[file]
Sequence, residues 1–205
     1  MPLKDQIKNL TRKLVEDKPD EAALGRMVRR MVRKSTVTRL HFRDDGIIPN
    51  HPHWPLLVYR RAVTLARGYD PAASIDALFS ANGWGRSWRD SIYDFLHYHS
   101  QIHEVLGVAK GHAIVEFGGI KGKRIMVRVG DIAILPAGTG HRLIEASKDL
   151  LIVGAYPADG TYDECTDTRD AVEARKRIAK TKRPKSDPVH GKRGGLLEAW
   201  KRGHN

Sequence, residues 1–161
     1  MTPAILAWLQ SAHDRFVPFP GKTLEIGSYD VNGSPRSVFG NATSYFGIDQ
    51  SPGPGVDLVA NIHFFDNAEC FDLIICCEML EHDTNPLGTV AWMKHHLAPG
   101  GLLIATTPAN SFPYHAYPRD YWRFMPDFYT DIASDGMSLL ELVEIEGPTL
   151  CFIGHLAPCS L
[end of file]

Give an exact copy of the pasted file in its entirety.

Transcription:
Sequence, residues 1–205
     1  MPLKDQIKNL TRKLVEDKPD EAALGRMVRR MVRKSTVTRL HFRDDGIIPN
    51  HPHWPLLVYR RAVTLARGYD PAASIDALFS ANGWGRSWRD SIYDFLHYHS
   101  QIHEVLGVAK GHAIVEFGGI KGKRIMVRVG DIAILPAGTG HRLIEASKDL
   151  LIVGAYPADG TYDECTDTRD AVEARKRIAK TKRPKSDPVH GKRGGLLEAW
   201  KRGHN

Sequence, residues 1–161
     1  MTPAILAWLQ SAHDRFVPFP GKTLEIGSYD VNGSPRSVFG NATSYFGIDQ
    51  SPGPGVDLVA NIHFFDNAEC FDLIICCEML EHDTNPLGTV AWMKHHLAPG
   101  GLLIATTPAN SFPYHAYPRD YWRFMPDFYT DIASDGMSLL ELVEIEGPTL
   151  CFIGHLAPCS L